Firm Valuation, Earnings Expectations, and the Exchange-Rate Exposure Effect




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    • Bartov is from the Leonard N. Stern School of Business, New York University, and Bodnar is from The Wharton School, University of Pennsylvania. We thank Yakov Amihud, Ray Ball, Jim Brickley, Doug Cerf, Dave Fiedler, Bill Gentry, John Hand, Trevor Harris, Richard Leftwich, Jim Ohlson, Jay Shanken, Cliff Smith, Theodore Sougiannis, René Stulz (the editor), Ross Watts, Jerry Zimmerman, Mark Zmijewski, and two anonymous referees for their comments. We also acknowledge comments from participants in the 1991 Semi-Annual Cornell-Rochester Finance Seminar, the National Bureau of Economic Research 1992 Summer Institute, and workshops at the following universities: University of Chicago, Columbia University, New York University (Stern School of Business), University of Pennsylvania (Wharton School), State University of New York at Buffalo, and University of Toronto. This work has also been presented at the 1994 annual meeting of the American Finance Association. We acknowledge the John M. Olin Foundation for financial assistance and IBES Incorporated for providing the IBES tape.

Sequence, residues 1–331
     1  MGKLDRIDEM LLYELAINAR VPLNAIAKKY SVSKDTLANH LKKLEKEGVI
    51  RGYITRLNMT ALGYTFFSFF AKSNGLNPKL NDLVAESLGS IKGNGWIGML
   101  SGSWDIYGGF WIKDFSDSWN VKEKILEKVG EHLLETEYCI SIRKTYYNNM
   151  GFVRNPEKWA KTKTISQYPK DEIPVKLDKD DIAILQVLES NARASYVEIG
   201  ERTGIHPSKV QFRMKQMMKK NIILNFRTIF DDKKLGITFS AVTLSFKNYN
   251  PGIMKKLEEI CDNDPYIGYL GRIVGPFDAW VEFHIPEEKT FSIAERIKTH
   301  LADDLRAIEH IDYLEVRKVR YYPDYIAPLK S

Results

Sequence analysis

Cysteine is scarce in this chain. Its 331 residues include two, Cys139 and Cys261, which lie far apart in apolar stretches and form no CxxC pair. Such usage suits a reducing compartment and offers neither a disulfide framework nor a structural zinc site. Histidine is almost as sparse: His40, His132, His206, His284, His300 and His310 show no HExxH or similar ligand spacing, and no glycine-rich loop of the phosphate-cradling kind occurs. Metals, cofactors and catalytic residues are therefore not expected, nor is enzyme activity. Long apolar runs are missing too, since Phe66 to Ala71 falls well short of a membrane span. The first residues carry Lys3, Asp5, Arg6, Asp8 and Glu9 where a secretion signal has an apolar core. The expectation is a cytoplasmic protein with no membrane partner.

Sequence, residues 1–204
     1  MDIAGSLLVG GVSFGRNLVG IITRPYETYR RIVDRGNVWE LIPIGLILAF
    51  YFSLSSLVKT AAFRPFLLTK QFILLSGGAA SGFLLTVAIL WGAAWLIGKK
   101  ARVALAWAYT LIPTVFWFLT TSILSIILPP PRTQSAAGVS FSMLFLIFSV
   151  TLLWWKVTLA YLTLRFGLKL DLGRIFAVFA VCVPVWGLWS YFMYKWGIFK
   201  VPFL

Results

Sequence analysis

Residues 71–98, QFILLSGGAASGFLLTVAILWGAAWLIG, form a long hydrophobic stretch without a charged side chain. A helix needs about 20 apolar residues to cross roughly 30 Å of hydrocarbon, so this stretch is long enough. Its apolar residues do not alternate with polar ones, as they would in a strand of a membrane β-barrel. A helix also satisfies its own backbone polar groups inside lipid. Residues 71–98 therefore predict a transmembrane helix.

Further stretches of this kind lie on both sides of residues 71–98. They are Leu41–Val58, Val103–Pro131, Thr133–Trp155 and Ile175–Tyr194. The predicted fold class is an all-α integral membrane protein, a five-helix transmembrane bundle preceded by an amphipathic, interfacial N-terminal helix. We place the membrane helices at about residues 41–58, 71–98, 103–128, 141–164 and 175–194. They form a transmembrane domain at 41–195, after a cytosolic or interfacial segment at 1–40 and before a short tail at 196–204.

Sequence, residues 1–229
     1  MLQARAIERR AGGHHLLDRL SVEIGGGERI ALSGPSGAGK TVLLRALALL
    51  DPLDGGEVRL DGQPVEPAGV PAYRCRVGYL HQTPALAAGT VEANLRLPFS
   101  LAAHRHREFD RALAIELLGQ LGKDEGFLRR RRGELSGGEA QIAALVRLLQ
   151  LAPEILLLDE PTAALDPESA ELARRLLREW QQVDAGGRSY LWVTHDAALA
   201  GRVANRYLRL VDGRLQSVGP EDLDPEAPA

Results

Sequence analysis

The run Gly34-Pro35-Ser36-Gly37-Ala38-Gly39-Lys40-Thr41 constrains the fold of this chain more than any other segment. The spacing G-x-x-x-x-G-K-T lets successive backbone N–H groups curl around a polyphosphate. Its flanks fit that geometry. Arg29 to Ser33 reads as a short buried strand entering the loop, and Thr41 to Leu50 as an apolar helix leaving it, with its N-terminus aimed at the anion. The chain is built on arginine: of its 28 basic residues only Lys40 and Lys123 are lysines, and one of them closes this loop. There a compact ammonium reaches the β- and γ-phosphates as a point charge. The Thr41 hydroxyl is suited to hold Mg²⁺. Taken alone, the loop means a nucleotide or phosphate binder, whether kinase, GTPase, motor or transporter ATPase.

Consistent with previous research, we fail to find a significant correlation between the abnormal returns of our sample firms with international activities and changes in the dollar. We investigate the possibility that this failure is due to mispricing. Lagged changes in the dollar are a significant variable in explaining current abnormal returns of our sample firms, suggesting that mispricing does occur. A simple trading strategy based upon these results generates significant abnormal returns. Corroborating evidence from returns around earnings announcements as well as errors in analysts' forecasts of earnings is also provided.